I have uploaded a few portraits of Nickita our daughter.
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Shooting kids in the studio, always a challenge. But what a fun job to do. For both me as for my daughter Nicki.
This weekend I decided to do another shoot with Nicki. I had this idea of a High-key photo shoot combined with flowers. So for the preparation we went shopping for a nice white dress and some artificial flowers. I had the idea to use roses and thought it was to risky to use real roses because of the thorns. So we went for fake flowers.
Set up the studio with a white background, a soft box, a standard flash, and a hand held reflector. First we did some test shoots so Nicki could adjust to this new environment that suddenly appeared in her living room.
The moment she was comfortable in the new environment we dressed her up and let her play with the props. And what a fun that was.
After a while she understood that she could smell the flowers, or at least she could act that she was smelling them and we could even direct her into the right position (all I used was a small background (1,25 meters wide)) The moment she started to loose interest we gave her a new flower to play with and this worked really well.
Ad the end we even introduced a whole lot of fake pedals to play with. Or should I say to throw with. That was the moment the fun for her really kicked in.
Some tech info:
All photos were shot with my Canon 5D, 24-70mm USM L, on 200ISO. I had to do a lot of polishing in Photoshop due to the fact that the background was very small. And as a final touch I used Scott Kelby’s 7-point system to enhance the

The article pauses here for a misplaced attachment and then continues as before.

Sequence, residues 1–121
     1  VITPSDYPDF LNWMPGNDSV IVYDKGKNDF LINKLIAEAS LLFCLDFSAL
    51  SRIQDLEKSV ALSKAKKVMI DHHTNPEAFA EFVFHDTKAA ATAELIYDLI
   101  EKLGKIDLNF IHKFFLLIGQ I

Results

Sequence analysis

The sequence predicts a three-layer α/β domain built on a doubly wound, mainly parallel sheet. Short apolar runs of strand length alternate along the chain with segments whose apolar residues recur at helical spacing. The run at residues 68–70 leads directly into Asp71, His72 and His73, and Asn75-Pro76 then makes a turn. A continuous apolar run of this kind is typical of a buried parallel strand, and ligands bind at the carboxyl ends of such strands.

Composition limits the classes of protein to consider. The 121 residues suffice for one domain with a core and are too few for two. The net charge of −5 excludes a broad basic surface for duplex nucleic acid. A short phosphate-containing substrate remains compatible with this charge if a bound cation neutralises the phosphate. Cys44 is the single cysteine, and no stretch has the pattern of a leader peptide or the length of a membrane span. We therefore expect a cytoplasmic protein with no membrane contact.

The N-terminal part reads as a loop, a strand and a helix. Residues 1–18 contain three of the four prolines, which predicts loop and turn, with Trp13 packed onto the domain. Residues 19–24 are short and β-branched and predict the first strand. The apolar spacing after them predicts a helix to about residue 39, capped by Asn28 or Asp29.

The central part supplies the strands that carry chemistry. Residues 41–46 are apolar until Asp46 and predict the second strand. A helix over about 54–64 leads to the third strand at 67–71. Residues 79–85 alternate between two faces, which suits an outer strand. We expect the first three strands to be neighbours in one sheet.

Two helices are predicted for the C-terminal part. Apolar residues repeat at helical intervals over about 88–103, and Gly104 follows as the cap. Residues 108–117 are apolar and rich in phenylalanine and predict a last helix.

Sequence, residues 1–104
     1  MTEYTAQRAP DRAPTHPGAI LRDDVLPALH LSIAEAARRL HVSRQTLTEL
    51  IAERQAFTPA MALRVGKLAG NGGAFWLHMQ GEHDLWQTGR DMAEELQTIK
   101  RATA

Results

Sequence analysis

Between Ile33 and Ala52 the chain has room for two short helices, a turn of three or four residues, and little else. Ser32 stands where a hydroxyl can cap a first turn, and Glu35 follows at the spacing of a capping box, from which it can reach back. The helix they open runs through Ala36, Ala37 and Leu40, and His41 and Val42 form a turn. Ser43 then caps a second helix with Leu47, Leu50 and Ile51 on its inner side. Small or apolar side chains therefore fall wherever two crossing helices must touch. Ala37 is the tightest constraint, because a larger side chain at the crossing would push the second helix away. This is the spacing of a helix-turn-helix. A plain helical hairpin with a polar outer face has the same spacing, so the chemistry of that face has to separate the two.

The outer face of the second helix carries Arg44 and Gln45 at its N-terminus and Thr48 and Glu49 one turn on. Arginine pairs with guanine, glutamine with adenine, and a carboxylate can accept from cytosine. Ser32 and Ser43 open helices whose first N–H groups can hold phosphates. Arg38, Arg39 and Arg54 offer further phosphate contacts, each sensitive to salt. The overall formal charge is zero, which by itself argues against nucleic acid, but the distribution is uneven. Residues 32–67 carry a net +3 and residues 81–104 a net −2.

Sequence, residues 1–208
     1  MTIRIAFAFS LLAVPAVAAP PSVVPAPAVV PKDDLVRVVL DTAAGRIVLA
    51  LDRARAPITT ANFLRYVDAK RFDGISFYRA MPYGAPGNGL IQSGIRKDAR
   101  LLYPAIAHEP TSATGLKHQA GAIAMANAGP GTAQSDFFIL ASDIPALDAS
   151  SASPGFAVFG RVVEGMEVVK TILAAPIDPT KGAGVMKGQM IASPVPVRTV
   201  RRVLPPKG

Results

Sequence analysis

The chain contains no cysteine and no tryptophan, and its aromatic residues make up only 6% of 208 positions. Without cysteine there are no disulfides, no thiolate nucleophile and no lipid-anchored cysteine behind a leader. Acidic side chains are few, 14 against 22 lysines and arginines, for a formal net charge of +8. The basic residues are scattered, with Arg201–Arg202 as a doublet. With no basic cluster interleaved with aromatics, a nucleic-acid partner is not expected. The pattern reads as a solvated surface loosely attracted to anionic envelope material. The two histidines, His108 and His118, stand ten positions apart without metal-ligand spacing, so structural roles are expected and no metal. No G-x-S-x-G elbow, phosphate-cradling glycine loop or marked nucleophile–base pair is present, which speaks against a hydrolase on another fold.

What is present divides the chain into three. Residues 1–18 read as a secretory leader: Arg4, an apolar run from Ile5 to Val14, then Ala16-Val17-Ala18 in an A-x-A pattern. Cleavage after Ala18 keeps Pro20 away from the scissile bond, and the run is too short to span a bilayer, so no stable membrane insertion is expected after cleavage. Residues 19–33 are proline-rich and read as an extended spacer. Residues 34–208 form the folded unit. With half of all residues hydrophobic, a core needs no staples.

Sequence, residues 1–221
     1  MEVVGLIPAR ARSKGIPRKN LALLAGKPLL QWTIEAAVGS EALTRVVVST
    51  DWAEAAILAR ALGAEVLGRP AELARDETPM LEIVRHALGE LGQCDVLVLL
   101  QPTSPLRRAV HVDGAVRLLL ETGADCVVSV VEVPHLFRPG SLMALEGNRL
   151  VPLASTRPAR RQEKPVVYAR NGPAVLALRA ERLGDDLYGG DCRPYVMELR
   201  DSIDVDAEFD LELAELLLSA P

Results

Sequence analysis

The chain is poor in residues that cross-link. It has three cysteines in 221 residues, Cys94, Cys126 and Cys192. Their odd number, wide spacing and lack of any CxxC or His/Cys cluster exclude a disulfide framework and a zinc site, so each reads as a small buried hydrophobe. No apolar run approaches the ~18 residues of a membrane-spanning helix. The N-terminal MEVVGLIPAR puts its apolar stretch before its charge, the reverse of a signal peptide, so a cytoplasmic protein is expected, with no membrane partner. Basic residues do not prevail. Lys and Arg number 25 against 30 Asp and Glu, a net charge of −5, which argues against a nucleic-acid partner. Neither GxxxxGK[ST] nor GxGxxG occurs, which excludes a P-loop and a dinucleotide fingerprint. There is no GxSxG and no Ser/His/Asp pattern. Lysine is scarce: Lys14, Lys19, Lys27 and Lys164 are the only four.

Found some tutorials on the net and started to play with them. Not the result I was hoping for, so again, I need more practice. I still thought that the end result was worth putting on the site.
I do like the rough look that is generated by using the high pass filter in Photoshop. But you can read more on that in the tutorial. I’m still thinking about doing this with a female portrait. Hopefully without offending the lady…
The tutorial can be found here link.
There are actually several tutorials and most of them are interesting enough to spens some time on
Just a tryout with my 16-35mm lens and flash while my daughter was eating a sandwich with apple syrup. (one of her favorites). I love the (slight) fisheye effect that the 16mm produces on my full frame Canon 5D. And I really like the fill-in effect caused the flash.
Basically the same technique I used while I was shooting Nicki with her sandbox toys in the garden. Set (in manual mode) the right exposure for the surrounding on your camera, and you the flash (also in manual mode) to make sure that you light your subject correctly. You can leave the flash on ETTL (auto mode), but I prefer to have full control over my camera and flash.
Next day I tweaked some settings in Adobe lightroom (exposure, clarity, and vibrance) to give it a little bit a vintage look.
Click here to see the larger version and the other photos from the same series.
[Canon 5D, 16-35mm, Flash]
I got this idea about doing some selfportraits. Here is the first try.
Played with Lightroom to get the light color temp, contrast and sharpness. When this was set correctly, I decided to use Photoshop to remove the gray background and switch from RGB color to black and white. At the end I shifted the whole composition to the left to hide the collar of my t-shirt. Peronally, I am happy with the result.
I’m thinking about doing a whole serie, the same way I have done while I was on the academy. so in the near future there will be more to come. My first idea is to start with all different faces, all black and white, in a low key setting. So we have to wait how it will workout.
Click here for the gallery.
[shot with Canon 5D, 24-70mm f2.8, daylight]